Four years ago, in the story linked below, Jeff Knapp, exposed the rort by the Big Four to switch their multinational clients into skimpy Special Purpose financial reporting. We revealed dozens of the world’s largest corporations operating in Australia had changed from General Purpose accounts to Special Purpose. This trend went hand in hand with more aggressive multinational tax avoidance.
Yet standards bodies like AASB and the Financial Reporting Council have done nothing about it since, despite being put on the spot at the Senate Inquiry into Corporate Tax Avoidance in 2015.
As Jeff Knapp puts it: “The Big Four auditors have knifed general purpose financial reports for multinationals and taken Australian accounting practice back 30 years”.
In the wake of the successful Senate Inquiry into tax avoidance, the Government – whose position had originally been that there was no problem with tax avoidance by large corporations – moved to tighten up the laws and one reform was to require large companies to file General Purpose accounts.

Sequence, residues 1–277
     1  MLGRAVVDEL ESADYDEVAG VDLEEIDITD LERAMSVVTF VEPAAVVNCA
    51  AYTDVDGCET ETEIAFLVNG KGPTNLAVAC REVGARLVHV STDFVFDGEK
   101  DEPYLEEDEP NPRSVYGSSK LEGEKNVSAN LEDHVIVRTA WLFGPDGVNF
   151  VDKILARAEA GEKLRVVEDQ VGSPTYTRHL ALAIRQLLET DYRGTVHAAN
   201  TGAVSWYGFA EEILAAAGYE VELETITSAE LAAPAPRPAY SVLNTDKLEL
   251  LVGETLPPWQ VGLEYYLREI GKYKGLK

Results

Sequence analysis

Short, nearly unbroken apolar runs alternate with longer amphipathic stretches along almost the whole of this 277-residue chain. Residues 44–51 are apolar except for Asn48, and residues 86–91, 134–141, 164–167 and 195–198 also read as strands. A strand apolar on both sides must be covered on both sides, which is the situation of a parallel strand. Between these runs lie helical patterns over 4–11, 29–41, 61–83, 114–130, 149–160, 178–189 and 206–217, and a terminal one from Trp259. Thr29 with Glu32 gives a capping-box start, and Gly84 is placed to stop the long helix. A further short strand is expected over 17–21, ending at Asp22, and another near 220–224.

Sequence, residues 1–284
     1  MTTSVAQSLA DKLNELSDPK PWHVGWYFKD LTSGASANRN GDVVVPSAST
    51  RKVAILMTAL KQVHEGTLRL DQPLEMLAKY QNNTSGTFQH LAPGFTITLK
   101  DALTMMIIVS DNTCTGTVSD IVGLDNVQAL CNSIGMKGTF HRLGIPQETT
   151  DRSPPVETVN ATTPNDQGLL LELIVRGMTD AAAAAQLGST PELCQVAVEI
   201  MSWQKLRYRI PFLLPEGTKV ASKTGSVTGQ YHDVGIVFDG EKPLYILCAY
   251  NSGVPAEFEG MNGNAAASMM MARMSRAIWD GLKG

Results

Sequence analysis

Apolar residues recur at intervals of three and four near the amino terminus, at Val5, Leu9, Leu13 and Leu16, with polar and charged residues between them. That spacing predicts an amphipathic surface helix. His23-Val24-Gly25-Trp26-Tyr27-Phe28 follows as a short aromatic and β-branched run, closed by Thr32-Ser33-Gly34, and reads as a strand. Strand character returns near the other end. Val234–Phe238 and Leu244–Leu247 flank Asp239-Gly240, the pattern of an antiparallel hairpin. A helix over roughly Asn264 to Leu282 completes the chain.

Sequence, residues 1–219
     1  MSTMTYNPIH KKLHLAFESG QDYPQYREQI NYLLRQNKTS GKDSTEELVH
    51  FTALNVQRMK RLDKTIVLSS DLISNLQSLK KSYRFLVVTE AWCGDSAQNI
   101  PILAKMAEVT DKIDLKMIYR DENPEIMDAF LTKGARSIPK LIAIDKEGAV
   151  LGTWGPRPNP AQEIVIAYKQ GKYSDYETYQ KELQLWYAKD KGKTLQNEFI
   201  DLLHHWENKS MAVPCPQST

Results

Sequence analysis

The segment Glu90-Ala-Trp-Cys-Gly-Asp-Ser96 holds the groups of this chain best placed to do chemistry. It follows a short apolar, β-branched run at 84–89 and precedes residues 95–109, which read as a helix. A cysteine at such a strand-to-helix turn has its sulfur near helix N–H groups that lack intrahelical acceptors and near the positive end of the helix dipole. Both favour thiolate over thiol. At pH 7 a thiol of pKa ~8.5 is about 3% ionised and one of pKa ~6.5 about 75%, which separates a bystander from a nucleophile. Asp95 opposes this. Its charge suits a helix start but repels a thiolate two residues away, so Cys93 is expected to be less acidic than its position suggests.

Only some companies appear to be complying. Sources in the Tax Office have told michaelwest.com.au that many companies, advised by Big Four, have found loopholes in the new legislation, including filing foreign parent company General Purpose reports (flagrantly against the spirit of the law which intends for them to file Australian GP accounts).
In the immediate aftermath of Knapp revealing 20 multinationals had slinkily switched from producing full accounts to the Special Purpose variety, UK health insurance juggernaut BUPA (auditor KPMG), switched to special purpose reporting although its marketing materials claimed it was: “Proudly looking after the needs of 4.7 million Australians.”
To do this, KPMG and BUPA had to form the view, and sign off statutory documents, that BUPA’s 4.7 million policyholders were not users of their financial statements, that these public disclosures were only for the purpose of informing the UK parent company.
At the ensuing Senate Inquiry into tax, then powerbroker Nick Xenophon asked one of the standards-setting regulators: “Are you able to shed some light as to why Ladbrokes prepares general purpose financial reports but the other three (betting) companies – that is, Sportsbet, William Hill and Bet365 – do not? They only prepare special purpose financial reports. Does that seem to you to be a strangely divergent accounting practice?”